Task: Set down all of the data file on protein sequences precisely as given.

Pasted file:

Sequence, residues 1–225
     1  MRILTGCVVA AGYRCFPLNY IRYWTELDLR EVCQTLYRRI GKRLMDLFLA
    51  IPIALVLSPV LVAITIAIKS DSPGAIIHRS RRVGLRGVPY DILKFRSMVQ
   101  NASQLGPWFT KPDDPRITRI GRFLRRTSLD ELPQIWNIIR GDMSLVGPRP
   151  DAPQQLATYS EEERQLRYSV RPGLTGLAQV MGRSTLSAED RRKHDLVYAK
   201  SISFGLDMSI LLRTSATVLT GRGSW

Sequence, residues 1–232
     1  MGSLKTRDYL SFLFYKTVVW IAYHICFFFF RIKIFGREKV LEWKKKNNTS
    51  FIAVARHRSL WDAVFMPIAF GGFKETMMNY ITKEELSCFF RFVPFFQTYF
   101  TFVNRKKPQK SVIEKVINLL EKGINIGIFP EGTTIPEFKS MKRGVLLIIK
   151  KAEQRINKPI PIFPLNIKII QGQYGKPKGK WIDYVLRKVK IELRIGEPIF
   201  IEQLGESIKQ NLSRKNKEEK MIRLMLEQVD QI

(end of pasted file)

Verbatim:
Sequence, residues 1–225
     1  MRILTGCVVA AGYRCFPLNY IRYWTELDLR EVCQTLYRRI GKRLMDLFLA
    51  IPIALVLSPV LVAITIAIKS DSPGAIIHRS RRVGLRGVPY DILKFRSMVQ
   101  NASQLGPWFT KPDDPRITRI GRFLRRTSLD ELPQIWNIIR GDMSLVGPRP
   151  DAPQQLATYS EEERQLRYSV RPGLTGLAQV MGRSTLSAED RRKHDLVYAK
   201  SISFGLDMSI LLRTSATVLT GRGSW

Sequence, residues 1–232
     1  MGSLKTRDYL SFLFYKTVVW IAYHICFFFF RIKIFGREKV LEWKKKNNTS
    51  FIAVARHRSL WDAVFMPIAF GGFKETMMNY ITKEELSCFF RFVPFFQTYF
   101  TFVNRKKPQK SVIEKVINLL EKGINIGIFP EGTTIPEFKS MKRGVLLIIK
   151  KAEQRINKPI PIFPLNIKII QGQYGKPKGK WIDYVLRKVK IELRIGEPIF
   201  IEQLGESIKQ NLSRKNKEEK MIRLMLEQVD QI